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Canadian Economy Misses the Mark in Q1

H.S. Borji
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The Canadian economy accelerated slower than forecast in the first quarter, as declining exports and weaker household consumption underscored concerns the economy was starting to lose momentum early in the year.

Canada’s gross domestic product rose at an annual rate of 1.2 percent in the first quarter, Statistics Canada reported today in Ottawa. The official estimate was well short of the consensus, which called for an annualized gain of 1.8 percent.

Real GDP increased 0.3 percent in Q1, following a 0.7 percent advance the previous quarter. This was the smallest increase since the fourth quarter of 2012.

On a monthly basis, real GDP increased 0.1 percent in March.

Household final consumption expenditure (+0.3 percent) advanced at the slowest rate in four quarters and at half the pace of the previous quarter. Expenditures on clothing and footwear declined 1.7 percent, while vehicle purchases decreased 1.1 percent.

Business gross fixed capital formation declined for the third time in five quarters at a rate of 0.9 percent.

New home construction declined 1.5 percent in Q1, and ownership transfer costs plunged 6.4 percent.

Business investment in inventories declined 2.4 percent from the previous quarter, official data showed.

Total exports declined 0.6 percent, despite a strong contribution from energy exports (+3.8 percent). Imports fell 1.9 percent.

The goods-producing sectors advanced 0.6 percent in Q1, while output in the service economy grew only 0.3 percent.

Mining & oil and gas extraction advanced 2.4 percent, led by three consecutive monthly advances. Activity in this sector increased 0.9 percent in March, official data showed.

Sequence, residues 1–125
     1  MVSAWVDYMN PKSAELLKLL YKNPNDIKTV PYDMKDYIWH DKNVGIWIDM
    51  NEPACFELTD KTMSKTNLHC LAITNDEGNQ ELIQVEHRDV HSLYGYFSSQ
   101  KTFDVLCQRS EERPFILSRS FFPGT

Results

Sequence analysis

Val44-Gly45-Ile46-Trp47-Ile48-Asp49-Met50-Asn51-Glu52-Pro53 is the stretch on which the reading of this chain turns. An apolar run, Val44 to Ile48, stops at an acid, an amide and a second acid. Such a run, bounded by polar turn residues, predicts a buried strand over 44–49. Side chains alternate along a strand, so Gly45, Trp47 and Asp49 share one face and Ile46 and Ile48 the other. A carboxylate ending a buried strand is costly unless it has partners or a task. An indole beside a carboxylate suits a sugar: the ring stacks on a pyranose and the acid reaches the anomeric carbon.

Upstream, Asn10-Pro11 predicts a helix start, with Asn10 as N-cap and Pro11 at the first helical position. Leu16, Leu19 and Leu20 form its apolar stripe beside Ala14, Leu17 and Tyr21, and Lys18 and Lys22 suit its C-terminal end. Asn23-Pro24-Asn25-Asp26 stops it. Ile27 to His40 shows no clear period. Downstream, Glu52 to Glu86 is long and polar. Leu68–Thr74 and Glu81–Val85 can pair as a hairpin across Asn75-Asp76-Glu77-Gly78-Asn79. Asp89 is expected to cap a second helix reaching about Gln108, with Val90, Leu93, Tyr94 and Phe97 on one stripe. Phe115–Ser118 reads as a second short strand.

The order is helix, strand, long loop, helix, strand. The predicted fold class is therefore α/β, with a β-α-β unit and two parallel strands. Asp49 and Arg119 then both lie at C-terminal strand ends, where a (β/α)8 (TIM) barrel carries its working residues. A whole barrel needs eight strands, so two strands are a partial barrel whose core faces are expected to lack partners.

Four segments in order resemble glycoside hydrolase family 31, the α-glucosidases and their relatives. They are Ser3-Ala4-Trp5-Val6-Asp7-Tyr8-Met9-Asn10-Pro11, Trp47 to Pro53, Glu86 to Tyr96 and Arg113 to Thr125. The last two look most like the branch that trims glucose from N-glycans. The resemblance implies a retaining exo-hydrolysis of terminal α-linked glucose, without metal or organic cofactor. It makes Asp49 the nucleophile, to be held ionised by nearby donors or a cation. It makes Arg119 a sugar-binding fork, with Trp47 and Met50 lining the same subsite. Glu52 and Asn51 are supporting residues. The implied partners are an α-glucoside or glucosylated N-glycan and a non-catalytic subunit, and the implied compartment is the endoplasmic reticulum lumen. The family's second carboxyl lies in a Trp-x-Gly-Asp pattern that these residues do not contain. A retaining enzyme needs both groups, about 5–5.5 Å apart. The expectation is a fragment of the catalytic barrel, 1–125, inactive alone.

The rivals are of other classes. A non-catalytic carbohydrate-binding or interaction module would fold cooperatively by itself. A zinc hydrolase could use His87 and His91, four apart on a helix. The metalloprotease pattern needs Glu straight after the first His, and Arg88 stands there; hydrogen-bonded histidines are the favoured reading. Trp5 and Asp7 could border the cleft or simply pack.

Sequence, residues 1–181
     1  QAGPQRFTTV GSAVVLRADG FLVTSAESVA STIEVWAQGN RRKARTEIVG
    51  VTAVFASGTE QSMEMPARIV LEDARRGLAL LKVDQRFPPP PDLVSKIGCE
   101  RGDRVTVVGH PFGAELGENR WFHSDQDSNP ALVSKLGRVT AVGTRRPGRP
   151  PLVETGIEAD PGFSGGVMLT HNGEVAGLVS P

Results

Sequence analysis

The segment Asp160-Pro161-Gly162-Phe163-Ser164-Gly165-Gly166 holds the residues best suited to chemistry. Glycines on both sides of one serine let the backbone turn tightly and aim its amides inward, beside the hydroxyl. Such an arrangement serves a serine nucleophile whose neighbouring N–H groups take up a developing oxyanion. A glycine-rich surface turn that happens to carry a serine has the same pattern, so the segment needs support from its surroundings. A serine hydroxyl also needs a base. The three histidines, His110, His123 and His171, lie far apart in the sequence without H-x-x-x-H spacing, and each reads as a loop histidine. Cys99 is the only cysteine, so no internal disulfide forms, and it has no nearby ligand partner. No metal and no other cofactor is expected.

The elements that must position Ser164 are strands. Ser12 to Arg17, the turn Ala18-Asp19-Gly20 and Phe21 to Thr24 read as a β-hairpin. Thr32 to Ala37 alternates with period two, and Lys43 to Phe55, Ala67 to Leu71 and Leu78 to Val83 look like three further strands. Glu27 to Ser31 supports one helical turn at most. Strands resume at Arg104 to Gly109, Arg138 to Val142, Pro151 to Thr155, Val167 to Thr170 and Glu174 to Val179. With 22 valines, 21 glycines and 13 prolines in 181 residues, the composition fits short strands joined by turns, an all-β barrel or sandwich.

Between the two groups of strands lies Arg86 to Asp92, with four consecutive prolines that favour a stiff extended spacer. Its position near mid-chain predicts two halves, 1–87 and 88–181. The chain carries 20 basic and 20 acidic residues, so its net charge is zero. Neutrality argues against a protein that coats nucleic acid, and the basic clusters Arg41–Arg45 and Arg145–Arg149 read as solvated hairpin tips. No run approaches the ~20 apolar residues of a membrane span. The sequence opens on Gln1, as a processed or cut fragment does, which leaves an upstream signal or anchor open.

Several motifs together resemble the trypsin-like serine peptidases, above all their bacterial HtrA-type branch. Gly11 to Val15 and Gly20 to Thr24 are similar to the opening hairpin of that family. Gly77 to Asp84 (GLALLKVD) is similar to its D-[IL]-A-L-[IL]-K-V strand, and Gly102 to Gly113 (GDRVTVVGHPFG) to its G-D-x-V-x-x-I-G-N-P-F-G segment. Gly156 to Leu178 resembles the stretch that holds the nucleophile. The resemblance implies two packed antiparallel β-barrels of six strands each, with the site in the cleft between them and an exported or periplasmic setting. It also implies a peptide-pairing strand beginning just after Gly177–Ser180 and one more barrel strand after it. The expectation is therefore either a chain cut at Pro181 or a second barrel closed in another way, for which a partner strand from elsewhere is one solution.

Output in the utilities sector rose 1.2 percent in the first quarter, likely as a result of higher demand for heating during the colder than normal winter.

Canada’s GDP report comes one day after the Commerce Department said the US economy contracted at an annual rate of 1 percent in the first quarter. That marked the first time the US economy had contracted since the start of 2011. Severe winter weather was largely to blame for the sharp decline in US output. Those same weather patterns hampered economic activity in eastern Canada as well.

The Bank of Canada will weigh the latest GDP report ahead of next week’s rate decision. The BOC, having adopted a neutral policy stance last summer in response to a weakening economy, has stated repeatedly it is prepared to lower the benchmark interest rate should the economy continue to wane. However, with consumer inflation reaching the BOC’s 2 percent target in April, the chances of a rate cut are slim.

The BOC is expected to keep the benchmark lending rate at 1 percent, unchanged since September 2010.

The USDCAD rebounded after the release, advancing 0.18 percent to 1.0857.

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